The introduction of Stephen O’Neill as Tyrone’s attacking coach has brought optimism that the Red Hand will employ a more attacking game plan.

6. Brian Cody faces transition in Kilkenny

The retirements of Kieran Joyce and Michael Fennelly have hit Kilkenny hard, the latter in particular.

Factor in the absences of Paul Murphy and Colin Fennelly for the entire league due to an army tour of duty, plus a back injury to Richie Hogan, and the Kilkenny squad looks stretched.

Jonjo Farrell, Ger Aylward and Mark Bergin were all promising forwards in the past, but none of the trio are still part of Cody’s plans.

Instead he’s trawled the county, working with a squad of 50-odd players in the pre-season. Cody will be looking to youngsters Richie Leahy, Liam Blanchfield and Alan Murphy to make an impact up front.

Brian Cody Source: James Crombie/INPHO

7. Kildare and Galway look to prove they belong among football’s elite

Both Kildare and Galway will be aiming to survive in the top flight in the league, before making the Super 8s later this summer.

The Lilywhites made a disappointing championship exit to Armagh last year, but will be hoping forwards like Neil Flynn and Chris Healy can add some firepower to Cian O’Neill’s attack.

Worryingly for O’Neill, Flynn left the field early on with a hamstring injury in their opening round loss to Dublin last night.

In Galway, the Connacht title is a realistic aim while Kevin Walsh will look to bed several of the talented U21 side into his team – with Sean Andy O Ceallaigh an exciting prospect in defence.

8. Galway’s league and All-Ireland defence begins

Micheal Donoghue said in a recent interview that Galway’s team holiday has left them six or seven weeks behind their rivals at the start of the new season.

Fortunately, they’ll start life in Division 1B with games against Antrim, Laois and Offaly. Win those three and they’ll be into the Division 1 quarter-finals.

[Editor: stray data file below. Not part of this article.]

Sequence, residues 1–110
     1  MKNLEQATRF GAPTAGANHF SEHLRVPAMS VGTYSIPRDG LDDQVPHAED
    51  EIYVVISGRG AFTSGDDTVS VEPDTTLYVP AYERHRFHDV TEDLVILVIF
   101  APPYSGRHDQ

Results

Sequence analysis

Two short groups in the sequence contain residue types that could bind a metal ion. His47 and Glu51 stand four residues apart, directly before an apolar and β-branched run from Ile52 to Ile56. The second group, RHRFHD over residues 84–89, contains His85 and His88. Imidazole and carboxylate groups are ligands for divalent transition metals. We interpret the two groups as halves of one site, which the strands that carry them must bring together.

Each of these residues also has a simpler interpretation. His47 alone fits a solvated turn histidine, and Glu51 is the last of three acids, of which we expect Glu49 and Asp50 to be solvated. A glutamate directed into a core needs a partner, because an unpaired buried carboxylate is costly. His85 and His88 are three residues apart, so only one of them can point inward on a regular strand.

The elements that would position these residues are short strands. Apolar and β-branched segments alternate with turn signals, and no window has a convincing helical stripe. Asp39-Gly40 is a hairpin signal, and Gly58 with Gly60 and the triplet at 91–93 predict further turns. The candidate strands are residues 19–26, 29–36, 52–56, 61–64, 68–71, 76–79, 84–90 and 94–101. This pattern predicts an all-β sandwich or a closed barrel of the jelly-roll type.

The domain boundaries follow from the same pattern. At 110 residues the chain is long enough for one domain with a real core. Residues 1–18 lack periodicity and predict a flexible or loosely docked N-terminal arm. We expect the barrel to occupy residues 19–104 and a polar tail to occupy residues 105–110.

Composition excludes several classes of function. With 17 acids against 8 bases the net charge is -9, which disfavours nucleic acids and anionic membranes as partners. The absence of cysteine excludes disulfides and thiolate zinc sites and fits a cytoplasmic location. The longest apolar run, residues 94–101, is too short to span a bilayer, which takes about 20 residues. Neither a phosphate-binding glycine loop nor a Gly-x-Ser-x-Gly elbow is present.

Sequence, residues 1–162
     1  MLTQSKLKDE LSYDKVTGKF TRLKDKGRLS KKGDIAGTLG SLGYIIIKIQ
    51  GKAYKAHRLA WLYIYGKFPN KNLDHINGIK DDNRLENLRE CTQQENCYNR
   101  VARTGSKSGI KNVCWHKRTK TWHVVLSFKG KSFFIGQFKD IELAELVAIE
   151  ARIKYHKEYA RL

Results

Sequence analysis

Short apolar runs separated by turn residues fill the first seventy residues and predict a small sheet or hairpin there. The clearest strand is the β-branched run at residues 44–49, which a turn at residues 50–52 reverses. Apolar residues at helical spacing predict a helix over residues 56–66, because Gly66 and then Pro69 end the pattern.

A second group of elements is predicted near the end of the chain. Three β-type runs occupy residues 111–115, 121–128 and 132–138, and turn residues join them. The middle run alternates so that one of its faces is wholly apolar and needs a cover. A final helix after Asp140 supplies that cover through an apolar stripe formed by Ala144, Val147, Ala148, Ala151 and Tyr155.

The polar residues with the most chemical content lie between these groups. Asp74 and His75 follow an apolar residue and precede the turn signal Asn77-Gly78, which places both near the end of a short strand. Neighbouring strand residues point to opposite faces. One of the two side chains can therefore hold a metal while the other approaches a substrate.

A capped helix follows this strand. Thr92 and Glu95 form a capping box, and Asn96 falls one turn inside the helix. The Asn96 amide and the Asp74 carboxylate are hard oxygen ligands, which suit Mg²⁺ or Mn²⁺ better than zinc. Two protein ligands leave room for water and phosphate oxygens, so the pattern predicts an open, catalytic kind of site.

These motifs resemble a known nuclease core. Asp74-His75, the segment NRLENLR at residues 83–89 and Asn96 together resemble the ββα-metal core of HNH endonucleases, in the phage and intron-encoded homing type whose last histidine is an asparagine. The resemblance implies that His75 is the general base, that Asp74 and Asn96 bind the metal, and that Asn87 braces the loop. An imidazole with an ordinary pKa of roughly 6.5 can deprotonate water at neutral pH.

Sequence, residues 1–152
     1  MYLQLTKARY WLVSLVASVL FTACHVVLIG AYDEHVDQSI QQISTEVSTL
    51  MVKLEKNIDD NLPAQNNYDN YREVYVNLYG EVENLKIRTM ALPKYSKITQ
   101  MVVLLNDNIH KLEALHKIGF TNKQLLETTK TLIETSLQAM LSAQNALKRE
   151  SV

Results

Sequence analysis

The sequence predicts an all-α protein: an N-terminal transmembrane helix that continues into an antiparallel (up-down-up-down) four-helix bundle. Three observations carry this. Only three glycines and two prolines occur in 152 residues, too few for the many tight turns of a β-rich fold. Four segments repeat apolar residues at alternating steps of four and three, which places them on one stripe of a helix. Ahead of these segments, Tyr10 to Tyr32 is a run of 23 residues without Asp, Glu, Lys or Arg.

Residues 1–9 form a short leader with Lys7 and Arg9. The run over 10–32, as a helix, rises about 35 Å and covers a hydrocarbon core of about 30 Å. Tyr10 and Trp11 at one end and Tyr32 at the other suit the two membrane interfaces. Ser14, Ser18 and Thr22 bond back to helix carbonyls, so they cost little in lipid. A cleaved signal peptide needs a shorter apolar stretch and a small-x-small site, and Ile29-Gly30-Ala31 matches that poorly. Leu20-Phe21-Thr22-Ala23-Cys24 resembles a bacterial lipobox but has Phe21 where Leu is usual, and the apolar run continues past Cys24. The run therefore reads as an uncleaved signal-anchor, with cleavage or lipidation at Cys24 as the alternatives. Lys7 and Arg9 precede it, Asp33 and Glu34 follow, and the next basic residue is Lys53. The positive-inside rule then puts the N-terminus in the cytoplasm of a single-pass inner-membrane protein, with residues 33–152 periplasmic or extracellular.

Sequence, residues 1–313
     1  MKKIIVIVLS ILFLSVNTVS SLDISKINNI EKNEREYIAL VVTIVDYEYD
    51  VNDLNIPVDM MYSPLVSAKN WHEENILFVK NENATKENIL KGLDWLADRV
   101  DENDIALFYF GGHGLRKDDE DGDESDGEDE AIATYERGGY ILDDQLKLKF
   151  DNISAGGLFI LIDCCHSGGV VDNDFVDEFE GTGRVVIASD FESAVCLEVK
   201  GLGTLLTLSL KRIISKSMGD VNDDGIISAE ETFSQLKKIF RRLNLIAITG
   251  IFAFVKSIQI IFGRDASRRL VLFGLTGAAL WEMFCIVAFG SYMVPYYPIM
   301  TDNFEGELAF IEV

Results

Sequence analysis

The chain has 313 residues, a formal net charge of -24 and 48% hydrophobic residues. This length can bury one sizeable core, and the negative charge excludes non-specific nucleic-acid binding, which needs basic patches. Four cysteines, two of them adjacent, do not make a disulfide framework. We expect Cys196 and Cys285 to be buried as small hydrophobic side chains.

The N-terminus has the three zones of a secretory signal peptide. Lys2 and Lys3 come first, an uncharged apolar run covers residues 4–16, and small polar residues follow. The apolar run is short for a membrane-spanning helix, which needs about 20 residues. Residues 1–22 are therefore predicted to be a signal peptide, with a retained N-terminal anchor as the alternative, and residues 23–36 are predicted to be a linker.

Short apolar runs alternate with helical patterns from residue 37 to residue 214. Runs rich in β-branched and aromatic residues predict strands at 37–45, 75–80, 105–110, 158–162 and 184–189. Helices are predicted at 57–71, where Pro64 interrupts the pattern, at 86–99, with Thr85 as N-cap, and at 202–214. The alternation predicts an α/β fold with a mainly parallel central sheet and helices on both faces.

With eight youngsters added to the Tribe squad for 2018, Donoghue is looking to keep things fresh as they bid to put together back-to-back All-Irelands for the first time since 1988.

9. Veterans and youngsters push for places in Dublin 

With one eye on the Super 8s and keeping his squad fresh, Jim Gavin’s side may be slightly vulnerable early in the league campaign.

In the past, Gavin has shown loyalty to players who perform early on in the league so veterans like Bernard Brogan, Paul Flynn, Kevin McManamon and Diarmuid Connolly will be determined to make their mark during the spring.

Dublin opened their account with a brilliant second-half showing against the Lilywhites last night, with fine displays youngsters Brian Howard and Colm Basquel.

Kieran McGeeney Source: Lorcan Doherty/INPHO

10. Armagh’s bid to replace experience

Armagh looked on an upward curve in 2017 when they made the All-Ireland quarter-finals, but Kieran McGeeney’s side face a tough task to make it out of Division 3 without some of their most experienced names.

Ciaran McKeever has retired, while Jamie Clarke, James Morgan, Shea Heffron, Stefan Campbell, Oisin O’Neill and Ciaron O’Hanlon have all opted out, leaving Armagh severely depleted.

The Orchard will be targeting a place in the Super 8s, but that appears unlikely unless they can find suitable replacements for the outgoing contingent.

The42 has just published its first book, Behind The Lines, a collection of some of the year’s best sports stories. Pick up your copy in Eason’s, or order it here today (€10):

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Kevin O'Brien